From Mary Hewson
ALS: American Philosophical Society
Kensington Sepr. 8. 1776
My dear Sir
As I was yesterday informed that my letter of thursday was not then gone6 I sit down now to make a little addition, fancying that I have not said all I have to say, for I wrote in haste. I think I gave you my family history pretty fully, as to public concerns, I know nothing, nor should I write of them to you if I knew anything, so I will give you some account of some friends of whom you may not hear by other means; tho’ as my mother has written you a long letter she probably has given you all the intelligence that I shall.7
Dolly is now upon a tour in Wales with Mrs. Scott, who (if I may say it) is a warm friend of the Americans; she declares were she a man she would go to America, to serve the country and exalt her character. I hope this jaunt will be of service to Dolly by amusing her mind which was much depressed by her long and close attendance upon her dying sister; and the unexpected distribution of her fortune almost overset her, for Mrs. C. B. left all to her except £100 to each of her brothers and £300 to one of her nieces who was her god-daughter. Mrs. Hawkesworth and I with some difficulty prevailed on Dolly not to give up the fortune her sister bequeathed her; she really was hardly in her senses for some time after her sister’s death.8
The W[ilkses] are in the same situation in which you left them, if one can call that the same which must have been every day growing worse; however they are still in the House in Yorkbuildings–upon recollection, I believe you were gone before they came to it. Poor woman! She supports her spirits amazingly, and he is not more gloomy than he used to be. Some of her friends have proposed her keeping a boarding house in London; others have proposed her setting up a school at Durham where they say a good one is wanted. He is inclined to the London scheme; she would like the other better, and in my opinion it is most eligible, but no step is yet taken for either. Fanny is much improved, and may be called a fine young woman.9
When I mentioned Dolly’s accession of fortune I forgot to tell you one instance of kindness it has enabled her to perform. She lent £50 to James Pearce with which he has furnished his house so as to let it in lodgings which will make him stand rent free at least. Do you not think Mrs. C B’s fortune is in good hands, and better disposed than if it had been parcelled out in shares to her brothers? The Pearces have a little girl, they are very industrious, and I believe succeed very well at Richmond.1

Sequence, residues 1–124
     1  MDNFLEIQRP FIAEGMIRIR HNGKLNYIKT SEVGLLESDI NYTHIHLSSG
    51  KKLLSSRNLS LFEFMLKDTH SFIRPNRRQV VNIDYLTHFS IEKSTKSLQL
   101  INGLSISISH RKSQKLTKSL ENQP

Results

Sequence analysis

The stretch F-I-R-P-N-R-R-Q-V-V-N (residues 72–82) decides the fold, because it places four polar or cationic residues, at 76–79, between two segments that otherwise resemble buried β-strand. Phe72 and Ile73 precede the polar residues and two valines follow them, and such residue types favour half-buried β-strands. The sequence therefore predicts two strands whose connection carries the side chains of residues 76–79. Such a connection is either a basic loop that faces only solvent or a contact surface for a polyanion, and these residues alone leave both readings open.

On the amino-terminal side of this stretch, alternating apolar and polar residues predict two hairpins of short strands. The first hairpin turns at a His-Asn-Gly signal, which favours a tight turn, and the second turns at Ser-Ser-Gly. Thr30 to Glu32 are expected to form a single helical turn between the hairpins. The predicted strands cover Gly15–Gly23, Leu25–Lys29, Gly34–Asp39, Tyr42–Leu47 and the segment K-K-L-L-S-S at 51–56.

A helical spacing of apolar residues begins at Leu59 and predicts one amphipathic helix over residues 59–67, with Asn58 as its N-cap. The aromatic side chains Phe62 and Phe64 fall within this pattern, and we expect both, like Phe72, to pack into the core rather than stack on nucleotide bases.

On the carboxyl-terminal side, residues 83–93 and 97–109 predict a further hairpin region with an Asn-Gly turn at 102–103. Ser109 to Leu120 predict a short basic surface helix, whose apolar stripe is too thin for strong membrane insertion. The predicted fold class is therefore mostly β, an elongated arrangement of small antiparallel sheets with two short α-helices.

I sold my aunt’s goods and moved out of Church Lane last spring, and have now a house in the Square at 30 guineas a year, the other was forty, so I save something, and have nearly the same accommodation. I have taken the house but for one year, and I hope before that term expires my affairs will be so settled that I may fix upon some other spot to sit down in with my little folks where I can bring them up in the manner I like and give them an education that shall be of future advantage to them. Mr. Elphinston has given up his school, but he continues his house, which he means to let out in apartments, and has just published A finishing plan of education, which is a proposal for taking pupils at 100 guineas a year. Mr. Williams perhaps you may have heard has opened a chapple in Margarette Street Cavendish Square. I have not yet been there, but I intend to satisfy my curiosity some day.2
My letters are a kind of private newspaper, I give the articles just as they happen to occur without regard to order or connection. I fancy this kind will be most pleasing to you, as it will not require an answer, and will make you feel somewhat like having your English friends about you.
If the Congress and the Ministry will agree you shall have some of those friends really with you; but we must wait on this side the water till those mighty powers determine our lot.
As I do not chuse my labour should be lost I send you with this the letter I wrote you last year,3 it may divert you to read it when you have nothing else to do.
My mother came hither last night, she is just now gone to bed and desired me to give her love to you, wishing you a good night. I hope you will be able to recollect how you slept on the 8th of Sepr. Tho’ I fancy there is no night on which her good wishes do not rise for you. In those good wishes she is most heartily joined by your faithful and affectionate
6. The letter of Sept. 5 above, which, like this one, did not reach BF until 1786.
7. Mrs. Stevenson had not; see her letter above, Sept. 3, 1776.
8. Mrs. Scott was undoubtedly the same woman with whom Dolly Blunt had visited Bath the year before, and whom we conjecturally identified as the novelist and historian; see the note on Blunt to BF above, April 19, 1775. For Catherine Blunt’s illness see Polly’s letter above, Dec. 12. Mrs. Hawkesworth, Dr. John’s widow, had long been part of Dolly’s circle.
9. The name at the beginning of the paragraph has been crossed out as indicated, but BF supplied it in commenting on this letter in 1786 (above, p. 299 n.) Fanny was presumably a daughter of Israel and Elizabeth Wilkes, who were old London friends of Polly and BF; see for example above, XV, 238; XVII, 222.
1. For Dolly’s legacy and the Pearces see Polly’s letter of Sept. 5.
2. We have not located a copy of Elphinston’s pamphlet, which he had printed by Dodsley and circulated to friends: Gent. Mag., XLVI (1776), 374; James Elphinston, Forty Years’ Correspondence . . . (8 vols., London, 1791–94), II, 200–4. For the Rev. David Williams, the dissenting clergyman, see his letter above, Aug. 16, 1775.
3. The December letter mentioned in Polly’s of Sept. 5.